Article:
The Race to Shanghai

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An ever-present fixture on the World Snooker Tour since Dominic Dale first lifted the trophy back in 2007, the Shanghai Masters will once again return this year from 10-16 September.

But this year it will be with a twist, following the announcement by World Snooker last November that the 2018 edition will see the tournament become the richest invitational event in snooker’s history.

This follows the signing of a new five-year agreement reached between World Snooker, promoter Juss Sports and the Chinese Billiards and Snooker Association (CBSA), under which the total prize fund will continue to rise year-on-year from £725,000 this year to £825,000 in 2022.

Earlier today both WPBSA Chairman Jason Ferguson and two-time Shanghai winner Ronnie O’Sullivan were in China to formally launch the 2018 event. For the first time, the tournament will also include four players who will qualify via the new Shanghai Amateur Masters competition.

But how will the rest of the field be made up?


The event will comprise 24 players, to include defending champion Ronnie O’Sullivan, reigning world champion Mark Williams and the next 14 players on the official prize money ranking list following August’s World Open.

Ryan Day currently holds on to the final qualifying spot in 16th position, with Hong Kong’s Marco Fu currently his closest challenger some £16,212 behind.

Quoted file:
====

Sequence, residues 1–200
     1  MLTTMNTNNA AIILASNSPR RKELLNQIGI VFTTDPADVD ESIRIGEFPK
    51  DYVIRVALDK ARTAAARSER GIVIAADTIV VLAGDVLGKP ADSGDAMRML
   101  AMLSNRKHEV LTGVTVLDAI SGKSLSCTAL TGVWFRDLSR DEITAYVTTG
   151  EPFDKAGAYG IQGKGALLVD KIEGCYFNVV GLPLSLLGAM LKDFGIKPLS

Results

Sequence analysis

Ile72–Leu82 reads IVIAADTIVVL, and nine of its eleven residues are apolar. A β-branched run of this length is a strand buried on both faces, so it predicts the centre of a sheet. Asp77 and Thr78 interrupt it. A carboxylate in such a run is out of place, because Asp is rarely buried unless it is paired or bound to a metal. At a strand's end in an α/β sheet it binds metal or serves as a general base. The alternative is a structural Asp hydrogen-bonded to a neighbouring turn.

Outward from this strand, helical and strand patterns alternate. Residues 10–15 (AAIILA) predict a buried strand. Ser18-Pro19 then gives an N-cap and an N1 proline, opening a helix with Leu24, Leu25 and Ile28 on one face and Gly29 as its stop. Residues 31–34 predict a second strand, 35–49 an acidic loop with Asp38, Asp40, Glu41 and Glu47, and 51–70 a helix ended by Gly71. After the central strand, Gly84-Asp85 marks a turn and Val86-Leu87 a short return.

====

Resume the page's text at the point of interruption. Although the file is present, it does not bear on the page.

They will be joined by the top four ranked Chinese players not already included within the top 16, of which Fu would not be included and so he must earn a top 16 spot to qualify.

The remaining four places will be taken by players who will qualify via the new Shanghai Amateur Masters competition.


The top eight seeded players will be kept apart in the draw and seeded straight through to the last 16, with those seeded 9-24 to meet in the opening round.

Matches up to and including the quarter-finals will be played over the best of 11 frames, semi-finals best of 19 and the final best of 21 frames.

China’s ‘new Masters’

WPBSA Chairman Jason Ferguson said: “The Shanghai Masters has earned its place in snooker history as an elite event and becoming the new Masters event for China is the obvious next step.

“Interest in snooker continues to grow across China and we are proud to be associated with such a renowned organiser as Juss Sports. We can safely say that this long-term relationship with them and the CBSA will year on year deliver a fantastic tournament for everyone involved.”

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